All Politics is Local: The Medici-Habsburg Axis, 1532–88

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The Medici dukes’ rise to power is generally viewed as a fundamental aspect of the family politics of Florentine and Roman members of that family; however, they depended greatly on the Spanish kings to create and maintain their power throughout the sixteenth century. From the installation of Alessandro as duke in 1532 to the participation of Grandukes Francesco I and Ferdinando I in the Spanish Armada’s attempted invasion of England in 1588, the Medici were integral to first imperial and later Spanish designs on ruling and purifying European Christendom. The Medici occasionally sought some independence from the Spanish Habsburgs, in part by creating pro-French policies, but always returned — for marriage alliances, defense of Catholicism, and recognition as worthy players on the European political stage — to the royals who were simultaneously their most important supporters and their most important threat. This paper examines the dynasty politics of the Medici-Habsburg relationship.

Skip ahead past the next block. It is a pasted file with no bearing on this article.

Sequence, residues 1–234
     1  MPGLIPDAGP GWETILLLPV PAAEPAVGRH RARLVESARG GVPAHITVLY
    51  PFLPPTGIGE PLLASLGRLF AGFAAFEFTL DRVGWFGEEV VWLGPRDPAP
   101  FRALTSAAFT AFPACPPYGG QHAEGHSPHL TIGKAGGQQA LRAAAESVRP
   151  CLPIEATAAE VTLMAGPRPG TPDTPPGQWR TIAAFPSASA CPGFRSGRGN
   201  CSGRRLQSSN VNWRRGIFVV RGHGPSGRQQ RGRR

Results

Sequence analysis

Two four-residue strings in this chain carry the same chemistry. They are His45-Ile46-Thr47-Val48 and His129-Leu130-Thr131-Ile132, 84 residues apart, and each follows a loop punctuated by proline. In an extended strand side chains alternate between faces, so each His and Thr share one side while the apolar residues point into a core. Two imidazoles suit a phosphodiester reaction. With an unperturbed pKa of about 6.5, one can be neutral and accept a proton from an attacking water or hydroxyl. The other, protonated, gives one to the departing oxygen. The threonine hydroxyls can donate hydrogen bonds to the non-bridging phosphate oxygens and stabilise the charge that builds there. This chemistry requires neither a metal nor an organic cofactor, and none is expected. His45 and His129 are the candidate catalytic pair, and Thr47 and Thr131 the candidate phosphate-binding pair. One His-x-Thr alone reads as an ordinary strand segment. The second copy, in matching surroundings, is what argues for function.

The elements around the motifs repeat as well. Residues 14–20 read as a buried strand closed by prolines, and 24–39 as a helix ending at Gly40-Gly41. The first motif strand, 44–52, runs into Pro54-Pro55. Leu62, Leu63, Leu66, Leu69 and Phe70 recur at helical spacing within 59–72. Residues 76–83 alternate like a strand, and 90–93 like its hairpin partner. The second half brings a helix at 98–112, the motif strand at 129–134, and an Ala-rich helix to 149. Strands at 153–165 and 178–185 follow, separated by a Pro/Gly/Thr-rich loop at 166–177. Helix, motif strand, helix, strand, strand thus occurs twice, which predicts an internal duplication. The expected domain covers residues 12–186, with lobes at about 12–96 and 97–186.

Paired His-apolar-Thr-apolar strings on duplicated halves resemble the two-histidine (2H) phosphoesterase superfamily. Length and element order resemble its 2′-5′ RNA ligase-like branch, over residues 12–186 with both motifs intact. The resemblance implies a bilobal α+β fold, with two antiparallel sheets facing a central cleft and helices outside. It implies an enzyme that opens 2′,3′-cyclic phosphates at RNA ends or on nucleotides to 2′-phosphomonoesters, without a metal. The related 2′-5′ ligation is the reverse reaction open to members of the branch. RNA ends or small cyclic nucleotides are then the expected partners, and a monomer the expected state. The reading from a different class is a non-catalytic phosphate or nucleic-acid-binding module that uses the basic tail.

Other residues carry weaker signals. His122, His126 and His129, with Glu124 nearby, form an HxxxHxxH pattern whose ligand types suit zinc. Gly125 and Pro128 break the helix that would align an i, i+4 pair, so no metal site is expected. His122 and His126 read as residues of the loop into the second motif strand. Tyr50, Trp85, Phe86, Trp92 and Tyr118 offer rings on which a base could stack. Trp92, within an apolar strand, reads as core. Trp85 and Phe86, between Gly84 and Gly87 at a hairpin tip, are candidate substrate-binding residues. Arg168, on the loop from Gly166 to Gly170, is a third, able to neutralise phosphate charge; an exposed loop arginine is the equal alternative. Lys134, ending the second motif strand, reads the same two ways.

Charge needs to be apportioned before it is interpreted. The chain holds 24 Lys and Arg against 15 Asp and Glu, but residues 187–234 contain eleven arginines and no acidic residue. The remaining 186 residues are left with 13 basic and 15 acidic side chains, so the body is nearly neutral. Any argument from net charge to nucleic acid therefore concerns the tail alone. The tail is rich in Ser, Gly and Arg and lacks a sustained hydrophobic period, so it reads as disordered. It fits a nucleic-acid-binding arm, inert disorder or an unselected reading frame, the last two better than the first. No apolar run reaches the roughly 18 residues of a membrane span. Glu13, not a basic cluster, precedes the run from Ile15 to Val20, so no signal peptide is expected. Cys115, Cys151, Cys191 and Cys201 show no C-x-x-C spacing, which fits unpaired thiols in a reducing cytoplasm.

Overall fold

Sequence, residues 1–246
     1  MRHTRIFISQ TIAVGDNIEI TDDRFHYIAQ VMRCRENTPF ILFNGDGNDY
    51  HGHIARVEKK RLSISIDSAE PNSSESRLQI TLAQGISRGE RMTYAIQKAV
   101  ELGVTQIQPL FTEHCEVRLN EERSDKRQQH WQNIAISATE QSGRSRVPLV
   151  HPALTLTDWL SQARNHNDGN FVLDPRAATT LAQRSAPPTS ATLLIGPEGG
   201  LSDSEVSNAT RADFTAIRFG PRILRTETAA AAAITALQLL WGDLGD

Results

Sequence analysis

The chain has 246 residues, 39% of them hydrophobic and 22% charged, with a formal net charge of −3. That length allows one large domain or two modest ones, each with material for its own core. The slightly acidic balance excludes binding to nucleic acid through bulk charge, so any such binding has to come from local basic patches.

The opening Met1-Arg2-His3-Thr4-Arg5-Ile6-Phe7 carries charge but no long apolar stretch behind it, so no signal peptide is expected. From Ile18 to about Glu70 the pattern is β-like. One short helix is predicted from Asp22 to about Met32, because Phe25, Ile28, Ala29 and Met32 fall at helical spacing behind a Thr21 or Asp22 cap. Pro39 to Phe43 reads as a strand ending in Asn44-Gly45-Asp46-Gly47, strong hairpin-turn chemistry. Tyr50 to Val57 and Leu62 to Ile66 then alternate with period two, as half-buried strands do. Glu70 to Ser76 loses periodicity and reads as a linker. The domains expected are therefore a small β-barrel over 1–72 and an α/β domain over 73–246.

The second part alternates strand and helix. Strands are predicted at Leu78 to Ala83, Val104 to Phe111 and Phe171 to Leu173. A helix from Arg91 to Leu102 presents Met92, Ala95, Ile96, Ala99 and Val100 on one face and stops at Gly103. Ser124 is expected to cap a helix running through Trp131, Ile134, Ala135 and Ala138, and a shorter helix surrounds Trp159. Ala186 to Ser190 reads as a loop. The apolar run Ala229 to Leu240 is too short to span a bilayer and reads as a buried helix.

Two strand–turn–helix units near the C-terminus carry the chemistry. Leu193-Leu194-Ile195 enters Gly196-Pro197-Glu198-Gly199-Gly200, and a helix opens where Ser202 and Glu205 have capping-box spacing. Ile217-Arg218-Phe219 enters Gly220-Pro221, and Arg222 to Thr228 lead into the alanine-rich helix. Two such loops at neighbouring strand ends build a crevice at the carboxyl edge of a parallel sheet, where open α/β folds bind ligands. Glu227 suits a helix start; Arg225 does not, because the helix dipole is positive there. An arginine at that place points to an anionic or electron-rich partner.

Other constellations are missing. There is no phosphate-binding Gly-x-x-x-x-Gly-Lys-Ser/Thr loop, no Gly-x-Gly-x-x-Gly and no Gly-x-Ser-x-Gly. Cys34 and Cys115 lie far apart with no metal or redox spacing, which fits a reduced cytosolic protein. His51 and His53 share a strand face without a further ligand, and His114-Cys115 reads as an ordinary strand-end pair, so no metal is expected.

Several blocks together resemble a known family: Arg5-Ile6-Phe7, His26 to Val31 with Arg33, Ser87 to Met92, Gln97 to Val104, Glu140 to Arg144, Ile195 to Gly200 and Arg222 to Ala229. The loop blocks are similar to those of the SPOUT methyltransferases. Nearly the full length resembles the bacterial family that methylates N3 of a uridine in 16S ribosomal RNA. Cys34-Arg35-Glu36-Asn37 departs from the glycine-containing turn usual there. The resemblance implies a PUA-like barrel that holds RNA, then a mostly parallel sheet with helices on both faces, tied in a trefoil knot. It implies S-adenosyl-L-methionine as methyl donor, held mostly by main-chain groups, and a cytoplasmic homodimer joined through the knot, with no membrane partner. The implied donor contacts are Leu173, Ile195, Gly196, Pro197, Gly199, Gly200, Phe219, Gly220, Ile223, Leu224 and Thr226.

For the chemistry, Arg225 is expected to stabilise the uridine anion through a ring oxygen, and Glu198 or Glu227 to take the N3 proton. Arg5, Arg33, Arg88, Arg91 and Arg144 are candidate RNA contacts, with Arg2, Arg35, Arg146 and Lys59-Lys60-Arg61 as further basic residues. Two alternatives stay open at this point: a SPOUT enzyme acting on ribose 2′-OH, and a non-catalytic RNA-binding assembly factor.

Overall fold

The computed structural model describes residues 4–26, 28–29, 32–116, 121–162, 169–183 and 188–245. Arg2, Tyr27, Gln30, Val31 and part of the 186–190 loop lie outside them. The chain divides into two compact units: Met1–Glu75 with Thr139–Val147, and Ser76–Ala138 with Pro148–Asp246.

Renaissance Society of America Annual Meeting (RSA)


San Diego, CA